Security & Safety
New York Ed Department Names First Privacy Officer
New York’s Education Department has appointed its first privacy officer, whose responsibility will be to ensure that student data remains private and confidential.
State Education Department (SED) Commissioner MaryEllen Elia has appointed Temitope Akinyemi as chief privacy officer, according to the SED and the Staten Island Advance. In her new position, Akinyemi will develop, implement and oversee policies and procedures to protect the privacy and confidentiality of student, teacher and principal data, Elia said.
“It is imperative that confidential data shared by parents, educators and students is kept just that — confidential,” Elia said in a prepared statement.
Akinyemi’s salary will be $112,200 and she will report to acting general counsel and deputy commissioner Alison Bianchi, according to the ed department and the Advance. Akinyemi’s experience includes serving as a privacy officer and an attorney at the state Office of Information Technology Services for more than five years. She also served as an attorney with the firm Anderson Byrne.
She will start her new job Sept. 22.
Legislation passed in New York’s 2014-15 budget requires the ed department to put in place a chief privacy officer.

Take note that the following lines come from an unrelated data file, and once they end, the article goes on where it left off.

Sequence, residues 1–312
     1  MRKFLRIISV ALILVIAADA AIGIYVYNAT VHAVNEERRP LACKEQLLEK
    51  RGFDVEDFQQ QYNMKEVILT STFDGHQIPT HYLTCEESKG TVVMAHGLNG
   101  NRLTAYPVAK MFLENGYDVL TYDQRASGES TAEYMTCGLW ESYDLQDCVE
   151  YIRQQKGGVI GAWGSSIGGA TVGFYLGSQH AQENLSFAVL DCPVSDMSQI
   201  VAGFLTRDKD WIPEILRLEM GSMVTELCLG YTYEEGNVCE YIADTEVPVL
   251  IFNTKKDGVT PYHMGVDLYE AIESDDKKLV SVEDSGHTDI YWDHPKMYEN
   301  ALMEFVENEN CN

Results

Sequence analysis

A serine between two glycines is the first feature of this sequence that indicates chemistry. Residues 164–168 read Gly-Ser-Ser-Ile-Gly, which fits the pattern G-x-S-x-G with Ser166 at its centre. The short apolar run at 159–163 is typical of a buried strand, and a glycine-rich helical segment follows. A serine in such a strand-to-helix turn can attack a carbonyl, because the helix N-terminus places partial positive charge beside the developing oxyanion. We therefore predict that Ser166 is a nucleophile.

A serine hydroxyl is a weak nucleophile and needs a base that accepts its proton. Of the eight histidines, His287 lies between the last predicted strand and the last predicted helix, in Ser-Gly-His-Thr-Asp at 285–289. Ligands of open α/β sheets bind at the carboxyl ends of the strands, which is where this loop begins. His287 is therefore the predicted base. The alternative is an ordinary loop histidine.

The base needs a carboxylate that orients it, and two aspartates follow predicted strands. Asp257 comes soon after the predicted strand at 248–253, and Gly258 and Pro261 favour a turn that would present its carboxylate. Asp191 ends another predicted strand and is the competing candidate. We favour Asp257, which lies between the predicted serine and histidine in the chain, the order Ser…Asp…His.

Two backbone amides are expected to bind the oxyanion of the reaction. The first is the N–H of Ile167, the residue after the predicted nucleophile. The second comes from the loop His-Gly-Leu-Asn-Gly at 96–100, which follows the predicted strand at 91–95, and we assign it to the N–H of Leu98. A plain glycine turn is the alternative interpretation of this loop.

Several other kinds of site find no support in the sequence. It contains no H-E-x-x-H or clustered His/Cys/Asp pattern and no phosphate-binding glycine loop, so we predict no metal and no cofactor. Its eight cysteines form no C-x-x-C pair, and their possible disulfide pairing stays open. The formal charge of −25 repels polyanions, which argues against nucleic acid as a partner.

After that legislation, the SED also instituted a “Parents Bill of Rights,” allowing parents to review their children’s academic records and affirm that their children’s information is protected by federal and state law and would not be sold or used for commercial purposes, the Advance reported. The law also applies to students’ medical or criminal records.
Georgia has adopted similar legislation. The Student Data, Privacy, Accessibility and Transparency Act was passed in 2015, and the state Department of Education’s technology management director, Levette Williams, became chief privacy officer. He had already overseen the collection and reporting of K–12 data before becoming CPO, according to the Atlanta Journal-Constitution.